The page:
The L train is notoriously unreliable on the weekends, so, with a feeling of almost reckless abandon, I walk past the subway station and down 8th Avenue to 14th Street to take the crosstown bus.

Once onboard I notice at once the disadvantages: the train is two stops, but with traffic, stoplights, and people getting on and off, we crawl along the surface while I imagine beneath us the subways hurtling through the darkness at double speed.

But after my initial impatience passes, something else happens, and the slower pace begins to feel more civilized. I find myself enjoying the lights of the shops, the couples strolling down the sidewalks, the black and yellow cabs weaving in and out of traffic like sharks, and I feel much more connected to my city than down in her guts, shuttling along, blindly worming through the city without going through the places in-between.

Friday, June 7, 2019

The Silent Treatment

It’s not the same squirrel; it couldn’t possibly be the same squirrel, in a different part of the park, in a park with hundreds (maybe thousands) of squirrels, there is no way that this squirrel sitting on his haunches by the path, munching away on something in his paws, is the same squirrel as the one I talked to the other day.

Still, as I’m walking by, I say, “I dropped an apple core by one of the trees back there. I bet if you’re quick, you can get it before anybody else.”

He doesn’t make eye contact, and he doesn’t stop munching, even when I pass within a couple of feet of him - he just stares stonily ahead like I’m not even there.

Desert Lessons

The top floor of this building where I’m delivering a check seems to have been designed as an afterthought, like a greenhouse plopped atop a normal building.

It’s as hot as a greenhouse, too, especially today, with the sun beating down through the glass walls while I sweat, waiting for an elevator.

The woman waiting with me sees me take a drink from the water bottle hanging off my bag and remarks, “Ah, smart.”

“I grew up in a desert,” I say, “you always carry water."

Wednesday, June 5, 2019

Don’t Call Me Buddy, Pal

The park is cool in the shade, and I’m reading and eating a peanut butter and jelly sandwich when I feel eyes on me.

I look and, standing on the bench, about a foot from my hand, is a squirrel with a slightly ratty tail and an absolute absence of fear.

“Buddy, this isn’t for you,” I say, as kindly as I can, not wanting to violate his trust by shouting, but of course all he recognizes is tone, so he takes it as an invitation to come closer.

“Listen to me, man, I’m not giving you any, so you gotta get outta here,” I say a little more forcefully, gesturing sort of generally out to the rest of the park, but he just cocks his head, lifts up one paw as if to move even closer, and chitters quietly at me, like we’re having a mild disagreement and he just needs to convince of the reasonableness of his position before he can take possession of my sandwich.

Tuesday, June 4, 2019


The new subway poles sprout singly from the floor until about halfway up, where they split in two, only to rejoin at the top. This creates twice as many places to hold onto for standing commuters in crowded trains, while taking up less space than two poles.

Except for this guy, who gets on the train and, instead of just leaning on the pole (a cardinal sin in subway etiquette in any case), loops his arm through the duo pole and then leans against both poles, including the one onto which I’m holding.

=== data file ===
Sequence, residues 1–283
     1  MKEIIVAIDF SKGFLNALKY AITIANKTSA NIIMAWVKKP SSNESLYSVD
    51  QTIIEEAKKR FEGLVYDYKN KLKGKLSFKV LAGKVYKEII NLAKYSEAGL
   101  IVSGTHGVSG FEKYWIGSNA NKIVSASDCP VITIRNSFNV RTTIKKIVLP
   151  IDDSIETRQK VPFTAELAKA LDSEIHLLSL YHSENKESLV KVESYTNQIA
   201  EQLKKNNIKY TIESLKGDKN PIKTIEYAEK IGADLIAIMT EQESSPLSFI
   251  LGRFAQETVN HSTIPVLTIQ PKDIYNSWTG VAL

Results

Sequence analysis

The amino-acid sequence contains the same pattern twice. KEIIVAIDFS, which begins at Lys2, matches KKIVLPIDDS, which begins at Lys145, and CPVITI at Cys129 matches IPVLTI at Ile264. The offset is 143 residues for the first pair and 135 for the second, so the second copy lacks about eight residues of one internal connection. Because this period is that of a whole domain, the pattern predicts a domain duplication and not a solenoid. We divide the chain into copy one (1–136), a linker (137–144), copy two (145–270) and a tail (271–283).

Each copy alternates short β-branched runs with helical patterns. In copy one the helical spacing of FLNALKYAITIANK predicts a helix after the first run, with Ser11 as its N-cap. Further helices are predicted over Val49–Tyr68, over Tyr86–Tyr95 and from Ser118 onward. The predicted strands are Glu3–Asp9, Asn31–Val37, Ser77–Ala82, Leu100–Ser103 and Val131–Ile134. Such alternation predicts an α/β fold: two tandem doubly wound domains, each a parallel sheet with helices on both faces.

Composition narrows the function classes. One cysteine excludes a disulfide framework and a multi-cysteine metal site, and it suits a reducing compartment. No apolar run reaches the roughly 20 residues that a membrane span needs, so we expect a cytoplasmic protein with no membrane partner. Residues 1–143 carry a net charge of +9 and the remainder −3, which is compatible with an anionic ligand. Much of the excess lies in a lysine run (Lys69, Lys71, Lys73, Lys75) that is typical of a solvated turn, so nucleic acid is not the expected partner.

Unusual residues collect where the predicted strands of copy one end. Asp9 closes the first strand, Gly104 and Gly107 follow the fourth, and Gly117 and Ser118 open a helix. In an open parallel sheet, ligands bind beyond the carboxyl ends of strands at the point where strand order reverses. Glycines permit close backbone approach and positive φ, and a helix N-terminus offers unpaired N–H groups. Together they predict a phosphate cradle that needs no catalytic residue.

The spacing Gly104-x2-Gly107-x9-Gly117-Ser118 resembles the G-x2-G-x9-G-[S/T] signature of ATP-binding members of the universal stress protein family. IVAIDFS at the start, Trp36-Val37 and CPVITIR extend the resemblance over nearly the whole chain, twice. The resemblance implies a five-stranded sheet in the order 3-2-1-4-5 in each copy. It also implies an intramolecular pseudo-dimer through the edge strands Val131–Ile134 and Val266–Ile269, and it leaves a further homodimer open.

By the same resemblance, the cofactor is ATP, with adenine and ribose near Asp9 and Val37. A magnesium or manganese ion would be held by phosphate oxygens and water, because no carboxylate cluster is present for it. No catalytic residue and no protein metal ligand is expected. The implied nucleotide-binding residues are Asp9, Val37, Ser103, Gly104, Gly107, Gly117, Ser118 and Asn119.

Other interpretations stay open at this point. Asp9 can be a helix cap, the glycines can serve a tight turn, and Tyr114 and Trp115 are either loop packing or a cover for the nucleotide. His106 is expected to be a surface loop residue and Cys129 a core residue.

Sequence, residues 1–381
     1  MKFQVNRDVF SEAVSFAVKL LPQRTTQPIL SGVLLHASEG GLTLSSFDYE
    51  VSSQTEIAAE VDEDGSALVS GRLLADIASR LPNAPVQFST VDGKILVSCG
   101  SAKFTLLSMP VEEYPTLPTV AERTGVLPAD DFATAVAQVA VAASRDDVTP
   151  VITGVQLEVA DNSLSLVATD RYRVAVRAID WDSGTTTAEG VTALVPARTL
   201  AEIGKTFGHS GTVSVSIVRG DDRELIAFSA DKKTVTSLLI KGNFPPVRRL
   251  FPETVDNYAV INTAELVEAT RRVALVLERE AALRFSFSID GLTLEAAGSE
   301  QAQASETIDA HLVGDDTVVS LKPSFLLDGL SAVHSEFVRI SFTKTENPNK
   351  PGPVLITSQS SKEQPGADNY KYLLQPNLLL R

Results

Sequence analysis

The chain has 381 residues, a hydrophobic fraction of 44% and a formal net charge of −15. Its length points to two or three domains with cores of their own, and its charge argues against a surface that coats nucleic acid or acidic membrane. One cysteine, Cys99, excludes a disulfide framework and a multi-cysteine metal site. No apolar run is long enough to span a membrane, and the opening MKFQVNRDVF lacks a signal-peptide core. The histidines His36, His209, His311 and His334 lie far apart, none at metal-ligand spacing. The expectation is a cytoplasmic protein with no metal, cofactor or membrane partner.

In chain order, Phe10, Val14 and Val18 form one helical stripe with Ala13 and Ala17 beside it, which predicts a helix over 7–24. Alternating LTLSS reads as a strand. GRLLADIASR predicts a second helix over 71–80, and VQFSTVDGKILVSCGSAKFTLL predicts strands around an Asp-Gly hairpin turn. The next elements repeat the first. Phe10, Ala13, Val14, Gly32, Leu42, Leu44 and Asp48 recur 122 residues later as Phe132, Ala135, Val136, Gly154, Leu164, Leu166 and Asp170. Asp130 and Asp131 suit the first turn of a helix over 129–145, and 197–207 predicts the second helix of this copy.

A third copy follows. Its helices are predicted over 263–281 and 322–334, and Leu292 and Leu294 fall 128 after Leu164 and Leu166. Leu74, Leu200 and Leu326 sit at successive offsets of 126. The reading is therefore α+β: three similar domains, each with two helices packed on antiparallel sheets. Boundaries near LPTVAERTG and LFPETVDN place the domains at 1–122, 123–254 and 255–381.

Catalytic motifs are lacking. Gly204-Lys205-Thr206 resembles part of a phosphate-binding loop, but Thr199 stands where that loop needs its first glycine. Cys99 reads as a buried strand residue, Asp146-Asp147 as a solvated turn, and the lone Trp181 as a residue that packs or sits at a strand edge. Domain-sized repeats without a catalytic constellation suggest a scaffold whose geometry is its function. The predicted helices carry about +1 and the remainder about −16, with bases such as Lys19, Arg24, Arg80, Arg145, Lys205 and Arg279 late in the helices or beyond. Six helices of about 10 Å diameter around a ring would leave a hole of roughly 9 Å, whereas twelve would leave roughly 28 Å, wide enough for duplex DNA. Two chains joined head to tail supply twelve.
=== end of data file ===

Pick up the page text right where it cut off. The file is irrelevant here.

I try to control my breathing, try not to hate this small, balding, man as he scrolls through his phone, but I do shift my hand so that my (extremely hard and pointy) knuckle digs into his shoulder, and he stands up, startled, while I am suddenly very interested by the subway ad directly above his head.

Monday, June 3, 2019

Three’s Company

The three boisterous ladies are almost out the door of the doctor’s office when one of them stops with her hand on the door, holding it just before it closes all the way.

I can hear her out in the hall as she starts to hum in a rough voice, a tune that I almost recognize, then she sings it, “Da-da-dada-da-daaahhh..., how’s that song go..., ‘Come and knock on our doooor....’”

“That’s who you look like!” she suddenly shouts in triumph, opening the door all the way and pointing at me. “Jack Tripper!"

Sunday, June 2, 2019


The tall, well-built, handsome man turns around and signs “I love you” while mouthing the words to his wife and baby before walking away. The three women working the booths around ours follow him with starry-eyes and then turn to each other.

“Oh my god, did you see him, I was just....,” one of them starts.

“Ladies, ladies,” I say, mock-reprovingly, and they all start to giggle.

Saturday, June 1, 2019

Bringing People Together

“I used to have these framed butterflies, they were called ‘Butterflies of Peru’,” one of the women says. “But I want to replace it because I gave it to my best friend.”

Her friend looks up with tears in her eyes from where she’s perusing some of Katie’s sculptures and the woman says, looking at her, “Yeah, because they’re that special to me, I wanted you to have them.”

Now they’re both crying a little, and hugging in my booth, and I guess I must have gotten a little something in my eye, because I’m tearing up a little too.

Friday, May 31, 2019

Eye In The Sky

He's two park benches away, his shirt off, nonchalantly reading a book in one hand with his other arm draped casually over the back of the bench, his dark brown skin gleaming in the sun.

She sits next to him, one bench over, clearly with him but completely different in attitude: her face a screwed-up mask of grief, her shoulders slumped, hands holding her head like she’s keeping it from bursting, or shattering.